"Money is really tight! How do I make sure that my Social Security check is right?"
Social Security, a national program, provides monthly income to people starting at age 62 or those who become disabled and meet strict disability and work eligibility requirements. To receive retirement benefits, you must have paid Social Security retirement taxes for at least 10 years or meet other specific requirements. To apply, visit your parents' local Social Security office or click here.
Supplemental Security Income (SSI) pays monthly income benefits to people age 65 and over, as well as to the blind or disabled if they have limited resources. People may receive both Social Security and SSI payments if they meet the requirements. Click here for more information.
"I can't afford my groceries. What can I do?"
Food Stamps help people with limited resources to buy food. They are free and come in the form of coupons or an electronic-benefit card that looks like a credit card. How much the applicant receives depends on his or her assets, expenses, and how many people live in the applicant’s household. To apply, go to your local department of social or human services, or click here.
"I'm having trouble paying my heating bills this winter, and my house is really drafty! Is there any relief for a homeowner like me?"
The Low-Income Energy Assistance Program helps people who cannot afford to pay their heating and cooling bills and provides money to help weatherize homes to make them more energy efficient. Click here to learn more.
Remember, the programs described above provide real dollars for your parents or loved ones to help them make ends meet, so digging in and learning if they qualify for assistance are true labors of love. And AARP makes it easy by providing tools to help you learn more and even apply for the programs. We keep the information in a convenient place on our Web site. Visit our Benefits QuickLink on the AARP Real Relief page to find out about programs that can dramatically improve your parents' or loved ones' quality of life.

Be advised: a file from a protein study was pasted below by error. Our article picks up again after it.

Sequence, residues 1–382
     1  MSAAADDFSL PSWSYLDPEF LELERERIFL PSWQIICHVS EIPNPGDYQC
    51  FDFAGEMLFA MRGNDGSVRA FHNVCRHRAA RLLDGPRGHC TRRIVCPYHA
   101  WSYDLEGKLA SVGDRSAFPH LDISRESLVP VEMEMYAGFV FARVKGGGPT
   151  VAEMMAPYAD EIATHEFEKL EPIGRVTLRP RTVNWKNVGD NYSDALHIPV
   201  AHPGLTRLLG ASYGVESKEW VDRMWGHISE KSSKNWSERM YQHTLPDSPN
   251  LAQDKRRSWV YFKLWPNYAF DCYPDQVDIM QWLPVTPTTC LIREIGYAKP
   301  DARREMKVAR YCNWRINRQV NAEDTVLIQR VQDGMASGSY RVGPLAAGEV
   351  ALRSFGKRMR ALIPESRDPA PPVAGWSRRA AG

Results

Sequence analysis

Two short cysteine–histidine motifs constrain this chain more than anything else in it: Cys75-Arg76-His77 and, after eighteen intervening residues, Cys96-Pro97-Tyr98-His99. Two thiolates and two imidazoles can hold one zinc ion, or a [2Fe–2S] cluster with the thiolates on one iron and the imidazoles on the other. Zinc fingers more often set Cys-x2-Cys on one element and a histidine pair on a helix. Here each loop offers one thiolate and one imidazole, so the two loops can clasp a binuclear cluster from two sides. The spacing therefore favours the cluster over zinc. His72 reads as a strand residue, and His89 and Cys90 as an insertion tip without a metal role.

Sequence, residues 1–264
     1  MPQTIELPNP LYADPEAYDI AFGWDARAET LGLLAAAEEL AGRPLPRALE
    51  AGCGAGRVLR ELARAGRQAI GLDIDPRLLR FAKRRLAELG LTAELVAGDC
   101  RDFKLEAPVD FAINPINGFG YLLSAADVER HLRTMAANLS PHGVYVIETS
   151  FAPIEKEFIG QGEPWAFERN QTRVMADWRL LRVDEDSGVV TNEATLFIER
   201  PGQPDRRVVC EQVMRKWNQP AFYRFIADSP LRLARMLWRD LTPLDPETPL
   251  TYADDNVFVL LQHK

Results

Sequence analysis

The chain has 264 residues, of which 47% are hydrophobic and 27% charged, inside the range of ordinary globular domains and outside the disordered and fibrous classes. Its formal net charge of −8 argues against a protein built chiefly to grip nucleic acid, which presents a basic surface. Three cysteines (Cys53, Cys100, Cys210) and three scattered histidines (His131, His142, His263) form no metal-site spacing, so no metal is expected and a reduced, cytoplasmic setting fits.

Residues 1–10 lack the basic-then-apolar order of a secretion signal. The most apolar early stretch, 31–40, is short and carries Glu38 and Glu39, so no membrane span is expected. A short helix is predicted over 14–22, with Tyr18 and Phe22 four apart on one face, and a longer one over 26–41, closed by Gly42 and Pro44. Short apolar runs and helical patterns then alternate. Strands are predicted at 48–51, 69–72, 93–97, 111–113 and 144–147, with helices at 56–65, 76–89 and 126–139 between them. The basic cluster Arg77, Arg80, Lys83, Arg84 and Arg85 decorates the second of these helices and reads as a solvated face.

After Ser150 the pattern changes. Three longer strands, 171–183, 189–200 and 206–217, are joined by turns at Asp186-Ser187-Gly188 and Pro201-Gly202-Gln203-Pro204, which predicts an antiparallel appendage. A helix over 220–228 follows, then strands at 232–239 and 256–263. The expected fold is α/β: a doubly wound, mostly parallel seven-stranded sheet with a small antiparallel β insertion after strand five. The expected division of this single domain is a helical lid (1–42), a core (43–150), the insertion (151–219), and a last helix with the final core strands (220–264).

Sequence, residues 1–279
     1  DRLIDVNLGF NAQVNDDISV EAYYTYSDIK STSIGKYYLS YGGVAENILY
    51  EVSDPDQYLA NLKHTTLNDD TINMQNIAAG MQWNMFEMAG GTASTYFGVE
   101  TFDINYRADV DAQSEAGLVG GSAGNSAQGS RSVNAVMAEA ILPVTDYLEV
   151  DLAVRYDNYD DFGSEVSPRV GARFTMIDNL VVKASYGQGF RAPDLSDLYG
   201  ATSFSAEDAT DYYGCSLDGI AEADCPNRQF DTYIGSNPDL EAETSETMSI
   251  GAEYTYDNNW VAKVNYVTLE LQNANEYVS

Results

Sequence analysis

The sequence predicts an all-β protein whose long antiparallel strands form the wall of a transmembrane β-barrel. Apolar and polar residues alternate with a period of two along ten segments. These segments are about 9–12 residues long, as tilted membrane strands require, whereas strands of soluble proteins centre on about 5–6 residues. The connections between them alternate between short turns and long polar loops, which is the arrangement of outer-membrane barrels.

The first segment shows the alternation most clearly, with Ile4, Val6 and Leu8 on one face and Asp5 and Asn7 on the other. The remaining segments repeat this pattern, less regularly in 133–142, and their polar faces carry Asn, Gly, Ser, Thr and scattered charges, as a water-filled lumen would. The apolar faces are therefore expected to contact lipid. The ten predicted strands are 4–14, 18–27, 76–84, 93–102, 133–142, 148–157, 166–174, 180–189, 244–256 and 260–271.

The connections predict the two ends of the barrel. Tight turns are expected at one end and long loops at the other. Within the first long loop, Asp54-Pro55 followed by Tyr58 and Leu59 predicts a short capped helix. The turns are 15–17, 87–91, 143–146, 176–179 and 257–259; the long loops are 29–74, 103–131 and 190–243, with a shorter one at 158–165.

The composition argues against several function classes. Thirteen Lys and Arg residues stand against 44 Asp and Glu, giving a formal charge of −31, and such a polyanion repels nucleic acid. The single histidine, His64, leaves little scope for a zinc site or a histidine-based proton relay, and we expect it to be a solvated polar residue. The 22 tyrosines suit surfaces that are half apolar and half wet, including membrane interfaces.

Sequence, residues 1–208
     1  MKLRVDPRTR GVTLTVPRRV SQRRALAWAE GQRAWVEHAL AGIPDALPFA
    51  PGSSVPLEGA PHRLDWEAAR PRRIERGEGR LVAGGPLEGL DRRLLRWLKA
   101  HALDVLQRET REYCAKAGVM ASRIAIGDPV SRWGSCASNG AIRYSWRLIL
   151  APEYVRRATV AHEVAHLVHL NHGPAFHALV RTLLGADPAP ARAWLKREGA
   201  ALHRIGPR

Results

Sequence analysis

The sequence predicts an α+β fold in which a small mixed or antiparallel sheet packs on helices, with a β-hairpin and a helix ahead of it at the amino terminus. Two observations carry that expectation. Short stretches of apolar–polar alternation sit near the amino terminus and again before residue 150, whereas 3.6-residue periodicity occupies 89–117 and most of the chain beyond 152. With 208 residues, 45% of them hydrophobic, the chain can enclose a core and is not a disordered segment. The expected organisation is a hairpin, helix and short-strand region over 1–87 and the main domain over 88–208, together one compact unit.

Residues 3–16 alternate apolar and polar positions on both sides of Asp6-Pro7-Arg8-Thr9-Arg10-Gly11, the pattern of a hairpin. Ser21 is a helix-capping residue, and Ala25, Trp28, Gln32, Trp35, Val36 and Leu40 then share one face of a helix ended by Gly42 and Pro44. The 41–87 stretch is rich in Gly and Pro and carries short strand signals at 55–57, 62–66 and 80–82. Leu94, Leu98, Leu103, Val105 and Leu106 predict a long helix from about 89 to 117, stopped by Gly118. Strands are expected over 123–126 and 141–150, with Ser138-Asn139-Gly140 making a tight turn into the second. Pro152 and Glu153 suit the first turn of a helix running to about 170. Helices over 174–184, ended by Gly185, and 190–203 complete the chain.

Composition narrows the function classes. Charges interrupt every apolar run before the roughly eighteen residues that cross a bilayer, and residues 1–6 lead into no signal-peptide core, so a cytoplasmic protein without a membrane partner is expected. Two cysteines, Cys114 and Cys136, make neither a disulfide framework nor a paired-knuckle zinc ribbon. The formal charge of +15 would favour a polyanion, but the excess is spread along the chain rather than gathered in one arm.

Public benefits provide a social-safety net to help people who need it, and especially during these tough financial times, participating in these programs can be a lifesaver. The magnitude of the current economic decline has battered consumers on every front, so many who had made plans and were confident about their future financial security have now been shaken. Social-safety-net programs provide a financial shot-in-the-arm for your loved ones and will relieve financial pressure on you to intervene and support them with your own assets.
It is important to remember that caregiving is not about taking control; it's about helping those you care about make decisions to improve their living circumstances. The multitude of programs listed above can supplement your loved ones' household budget and reduce their anxiety about the future. We are all looking forward to the day when we are all better off!
Comparisons of the current economic recession with the Great Depression remind us of how serious our circumstances are. In that era, policymakers established several social-safety-net programs, and others were added later in the century. These programs are our 20th-century legacy that we, as 21st-century caregivers, should use to ensure that our family members age with dignity and independence.
All the best,